Kinematics of Delice-Kozaklı fault zone (North Central Anatolia, Turkey)

Tokay, Bülent
The Central Anatolian Crystalline Complex (CACC) forms a part of Alpine orogenic belt in Turkey and incorporates three major massifs and several basins that developed during extension commenced by the Late Cretaceous. They were deformed during subsequent collision of Anatolide-Tauride Platform and Pontides. The deformation of the region has resulted in the break-up of the CACC along major deformation (fault) zones. The present study aims to test existence of one of these fault zones, namely Delice-Kozaklı fault zone. Several structures are mapped and their geometric analyses are carried out. The structures include: (i) a syncline with axis trending in 070º; (ii) syncline and anticline with axes trending in 160º; (iii) approximately NW−SE-trending plunging fold sets; (iv) E−W-trending anticline and syncline; (v) NW−SE-trending overturned folds; (vi) a NW−SE-trending (130º) and NNW−SSE-trending right-lateral strike-slip faults and (vii) WNW−ESE-trending north-verging reverse faults. Several fault plane data has been collected from the basement rocks and basin infill for kinematic analysis. Paleostress analysis and the stratigraphic data suggests two deformation phases: (1) NW−SE compression that lasted by middle Oligocene and (2) a post-Oligocene NNE−SSW compression that gave rise to a dextral transpressional deformation. The common results of the geometric and kinematic analyses of the structural data argues for the existence of the Delice-Kozaklı fault zone and that the study area has stayed within same deformation zone during NW−SE and then NNE−SSW compressional phases.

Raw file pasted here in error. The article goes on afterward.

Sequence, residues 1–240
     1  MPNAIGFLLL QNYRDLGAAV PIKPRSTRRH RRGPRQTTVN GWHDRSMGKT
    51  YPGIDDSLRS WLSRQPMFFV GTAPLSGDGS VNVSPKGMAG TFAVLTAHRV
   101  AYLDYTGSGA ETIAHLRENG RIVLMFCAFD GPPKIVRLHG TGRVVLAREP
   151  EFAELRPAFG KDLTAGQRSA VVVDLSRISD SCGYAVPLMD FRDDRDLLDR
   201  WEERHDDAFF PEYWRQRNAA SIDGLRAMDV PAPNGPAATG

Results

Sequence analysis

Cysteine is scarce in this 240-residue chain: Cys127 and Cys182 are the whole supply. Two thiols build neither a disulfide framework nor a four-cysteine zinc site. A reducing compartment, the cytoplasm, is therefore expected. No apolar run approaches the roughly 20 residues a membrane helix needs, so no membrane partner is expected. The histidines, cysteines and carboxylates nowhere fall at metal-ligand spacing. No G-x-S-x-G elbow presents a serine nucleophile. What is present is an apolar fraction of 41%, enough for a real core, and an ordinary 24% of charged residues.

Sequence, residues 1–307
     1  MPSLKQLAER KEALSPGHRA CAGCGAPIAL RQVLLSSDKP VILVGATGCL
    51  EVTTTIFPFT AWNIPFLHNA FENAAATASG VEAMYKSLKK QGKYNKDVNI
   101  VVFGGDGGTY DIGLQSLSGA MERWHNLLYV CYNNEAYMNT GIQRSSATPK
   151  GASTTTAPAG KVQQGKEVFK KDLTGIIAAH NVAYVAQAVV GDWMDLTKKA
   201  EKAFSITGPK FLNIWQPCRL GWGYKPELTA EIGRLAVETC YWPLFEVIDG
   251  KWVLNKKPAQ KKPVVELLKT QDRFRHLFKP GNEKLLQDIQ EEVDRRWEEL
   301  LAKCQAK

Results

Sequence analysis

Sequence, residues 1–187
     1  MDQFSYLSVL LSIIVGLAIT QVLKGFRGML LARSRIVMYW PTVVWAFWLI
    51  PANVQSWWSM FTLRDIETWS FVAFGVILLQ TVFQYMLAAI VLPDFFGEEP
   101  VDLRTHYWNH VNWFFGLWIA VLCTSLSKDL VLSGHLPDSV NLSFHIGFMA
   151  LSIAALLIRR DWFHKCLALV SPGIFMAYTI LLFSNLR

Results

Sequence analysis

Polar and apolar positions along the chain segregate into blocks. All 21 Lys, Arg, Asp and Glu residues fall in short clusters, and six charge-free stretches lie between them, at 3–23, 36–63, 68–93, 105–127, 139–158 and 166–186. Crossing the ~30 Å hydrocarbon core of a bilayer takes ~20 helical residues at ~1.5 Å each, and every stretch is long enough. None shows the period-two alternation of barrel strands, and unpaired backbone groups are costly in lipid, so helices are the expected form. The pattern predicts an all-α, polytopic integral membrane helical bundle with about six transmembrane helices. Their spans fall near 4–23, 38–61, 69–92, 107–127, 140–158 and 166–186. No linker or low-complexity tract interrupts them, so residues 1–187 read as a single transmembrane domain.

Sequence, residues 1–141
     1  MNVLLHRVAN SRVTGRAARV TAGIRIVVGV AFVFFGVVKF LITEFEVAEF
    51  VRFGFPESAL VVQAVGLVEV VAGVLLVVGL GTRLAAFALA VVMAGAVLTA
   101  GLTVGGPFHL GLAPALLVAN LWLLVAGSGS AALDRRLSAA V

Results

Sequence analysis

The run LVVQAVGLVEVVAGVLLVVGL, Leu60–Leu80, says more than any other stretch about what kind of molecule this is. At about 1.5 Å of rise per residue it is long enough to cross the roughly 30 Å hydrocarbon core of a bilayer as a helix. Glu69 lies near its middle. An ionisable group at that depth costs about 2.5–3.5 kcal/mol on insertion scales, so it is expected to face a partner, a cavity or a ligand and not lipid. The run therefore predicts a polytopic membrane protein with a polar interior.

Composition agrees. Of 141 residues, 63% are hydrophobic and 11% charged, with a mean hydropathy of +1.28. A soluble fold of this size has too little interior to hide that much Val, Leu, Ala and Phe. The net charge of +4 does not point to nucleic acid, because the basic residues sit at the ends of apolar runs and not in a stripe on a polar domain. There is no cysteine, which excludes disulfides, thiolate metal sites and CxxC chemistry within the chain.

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Citation Formats
B. Tokay, “Kinematics of Delice-Kozaklı fault zone (North Central Anatolia, Turkey),” M.S. - Master of Science, Middle East Technical University, 2015.